Take the 2-minute tour ×
Mathematics Stack Exchange is a question and answer site for people studying math at any level and professionals in related fields. It's 100% free, no registration required.

Find the surface area of the hyperbolic paraboloid $z = 13 + x^2 - y^2$ that lies above the closed disk $x^2 + y^2 \le 4$.

I know that the surface area is equal to: $\iint$$\sqrt{1+[f_x(x,y)]^2 + [f_y(x,y)]^2}$ $dA$ over some region $R$.

$f_x(x,y)$ = $2x$
$f_y(x,y)$ = $-2y$

It's now equal to:

$\iint$$\sqrt{1+4x^2 + 4y^2}$ $dA$ for some region $R$

I'm stuck at this point. Can someone help me finish this? Thank you!

share|improve this question
    
Put $r=x^2+y^2$ and replace $dA$ by $r dr d\theta$. –  coffeemath Dec 11 '12 at 11:55
    
@coffeemath At what certain values should I evaluate the double integral? –  Marcus Dec 11 '12 at 12:12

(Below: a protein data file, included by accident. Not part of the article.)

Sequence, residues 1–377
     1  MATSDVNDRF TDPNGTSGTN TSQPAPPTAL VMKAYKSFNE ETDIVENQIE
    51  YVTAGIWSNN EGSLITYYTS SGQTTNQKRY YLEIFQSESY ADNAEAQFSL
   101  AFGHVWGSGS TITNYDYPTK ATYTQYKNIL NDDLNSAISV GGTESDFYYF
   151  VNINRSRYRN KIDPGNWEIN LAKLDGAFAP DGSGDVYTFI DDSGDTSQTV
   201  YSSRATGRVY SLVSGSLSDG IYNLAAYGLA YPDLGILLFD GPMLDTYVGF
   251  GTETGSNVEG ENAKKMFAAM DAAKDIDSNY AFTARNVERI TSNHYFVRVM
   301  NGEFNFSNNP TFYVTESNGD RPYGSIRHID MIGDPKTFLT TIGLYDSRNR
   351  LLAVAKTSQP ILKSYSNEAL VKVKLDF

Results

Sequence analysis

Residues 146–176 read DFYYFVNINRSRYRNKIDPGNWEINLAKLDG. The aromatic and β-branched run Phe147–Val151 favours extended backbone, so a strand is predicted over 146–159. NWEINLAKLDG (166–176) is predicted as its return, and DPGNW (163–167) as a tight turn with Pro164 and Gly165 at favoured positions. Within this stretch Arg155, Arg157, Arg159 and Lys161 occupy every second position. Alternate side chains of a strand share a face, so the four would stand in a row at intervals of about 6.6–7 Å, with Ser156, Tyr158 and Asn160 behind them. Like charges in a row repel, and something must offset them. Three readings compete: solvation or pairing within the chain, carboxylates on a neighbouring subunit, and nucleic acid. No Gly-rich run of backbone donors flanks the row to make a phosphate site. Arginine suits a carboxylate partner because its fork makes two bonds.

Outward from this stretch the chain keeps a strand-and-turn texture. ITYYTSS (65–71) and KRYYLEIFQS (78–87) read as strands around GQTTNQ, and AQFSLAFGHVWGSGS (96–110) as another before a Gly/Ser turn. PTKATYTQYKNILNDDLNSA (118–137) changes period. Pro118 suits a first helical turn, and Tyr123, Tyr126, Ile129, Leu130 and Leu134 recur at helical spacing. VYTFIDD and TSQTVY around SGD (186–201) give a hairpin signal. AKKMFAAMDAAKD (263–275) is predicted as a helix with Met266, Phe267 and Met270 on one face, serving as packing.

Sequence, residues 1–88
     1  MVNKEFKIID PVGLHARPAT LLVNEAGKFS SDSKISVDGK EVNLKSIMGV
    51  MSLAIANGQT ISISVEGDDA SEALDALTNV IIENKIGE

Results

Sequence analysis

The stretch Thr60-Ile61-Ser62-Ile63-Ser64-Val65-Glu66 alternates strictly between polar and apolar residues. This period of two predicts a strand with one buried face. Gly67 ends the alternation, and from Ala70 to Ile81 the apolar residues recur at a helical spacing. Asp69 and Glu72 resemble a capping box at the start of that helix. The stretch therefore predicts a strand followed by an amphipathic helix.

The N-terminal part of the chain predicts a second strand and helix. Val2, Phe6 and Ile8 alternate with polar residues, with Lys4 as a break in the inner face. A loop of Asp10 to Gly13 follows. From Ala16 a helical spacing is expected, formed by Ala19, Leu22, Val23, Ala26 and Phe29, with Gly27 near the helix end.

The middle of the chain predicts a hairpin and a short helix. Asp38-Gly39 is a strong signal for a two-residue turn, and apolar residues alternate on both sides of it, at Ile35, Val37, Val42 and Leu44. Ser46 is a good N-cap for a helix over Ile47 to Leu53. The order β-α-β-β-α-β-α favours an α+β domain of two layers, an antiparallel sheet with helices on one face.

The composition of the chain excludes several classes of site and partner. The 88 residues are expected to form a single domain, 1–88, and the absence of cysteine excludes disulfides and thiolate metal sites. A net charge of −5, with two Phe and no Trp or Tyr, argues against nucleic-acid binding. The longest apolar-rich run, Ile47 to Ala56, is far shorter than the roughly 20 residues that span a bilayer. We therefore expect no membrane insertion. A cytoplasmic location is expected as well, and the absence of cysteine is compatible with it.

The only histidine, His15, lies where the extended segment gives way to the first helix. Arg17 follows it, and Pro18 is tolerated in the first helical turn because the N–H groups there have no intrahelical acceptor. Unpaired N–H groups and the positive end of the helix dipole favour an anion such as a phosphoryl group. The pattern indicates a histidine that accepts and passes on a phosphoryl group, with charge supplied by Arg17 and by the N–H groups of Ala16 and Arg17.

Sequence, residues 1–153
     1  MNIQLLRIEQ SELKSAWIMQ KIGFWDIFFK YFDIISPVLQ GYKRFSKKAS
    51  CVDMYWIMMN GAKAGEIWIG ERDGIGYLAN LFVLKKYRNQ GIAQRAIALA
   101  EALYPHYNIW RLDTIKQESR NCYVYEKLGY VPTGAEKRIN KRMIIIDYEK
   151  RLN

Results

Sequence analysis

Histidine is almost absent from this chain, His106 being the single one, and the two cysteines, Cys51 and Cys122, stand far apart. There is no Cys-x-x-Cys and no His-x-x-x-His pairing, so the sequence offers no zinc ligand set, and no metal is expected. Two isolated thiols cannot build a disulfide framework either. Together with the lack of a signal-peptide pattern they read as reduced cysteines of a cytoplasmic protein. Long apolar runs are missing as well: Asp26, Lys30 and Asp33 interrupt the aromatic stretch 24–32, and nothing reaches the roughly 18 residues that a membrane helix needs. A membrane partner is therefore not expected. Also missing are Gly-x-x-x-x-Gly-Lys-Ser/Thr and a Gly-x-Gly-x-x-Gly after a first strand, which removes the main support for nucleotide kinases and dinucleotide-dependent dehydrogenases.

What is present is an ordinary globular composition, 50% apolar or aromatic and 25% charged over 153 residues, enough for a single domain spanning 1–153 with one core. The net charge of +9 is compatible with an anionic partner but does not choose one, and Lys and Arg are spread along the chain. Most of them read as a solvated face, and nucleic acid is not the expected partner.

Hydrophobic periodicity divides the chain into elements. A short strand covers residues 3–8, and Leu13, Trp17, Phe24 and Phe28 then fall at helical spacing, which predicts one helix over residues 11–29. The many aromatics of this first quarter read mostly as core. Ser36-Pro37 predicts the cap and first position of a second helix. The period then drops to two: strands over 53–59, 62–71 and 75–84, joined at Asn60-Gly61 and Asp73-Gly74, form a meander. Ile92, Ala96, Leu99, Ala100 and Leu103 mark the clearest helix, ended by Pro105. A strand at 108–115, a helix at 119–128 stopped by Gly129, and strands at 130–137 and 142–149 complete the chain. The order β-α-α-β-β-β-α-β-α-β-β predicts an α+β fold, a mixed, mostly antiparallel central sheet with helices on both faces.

1 Answer 1

up vote 1 down vote accepted

Square roots in integrals generally make problems difficult, but here it's a clue that the problem can be simplified by making a change of variable to polar coordinates. Let $x = r \cos \theta$, $y=r\sin\theta$.

To get you started, we write the region of integration in polar coordinates. The closed disk $x^2+y^2\leq 4$ is given in polar coordinates by $\{(r,\theta)|0\leq r\leq 2, 0 \leq \theta < 2\pi\}$. This gives you very easy limits of integration.

You've already found the integrand in terms of $x$ and $y$. Use the polar coordinate transformation to express it in terms of $r$ and $\theta$, and use trigonometric identities to make the integrand very simple.

Finally, remember that whenever you make a change in variable you must multiply by the appropriate Jacobian determinant. (It's easy to forget this step. Remember that $dA=dxdy$ in our original coordinates, but $dA\neq drd\theta$ in our new coordinates - something's missing.)

share|improve this answer
    
Thank you very much! :D –  Marcus Dec 11 '12 at 15:10

Your Answer

 
discard

By posting your answer, you agree to the privacy policy and terms of service.

Not the answer you're looking for? Browse other questions tagged or ask your own question.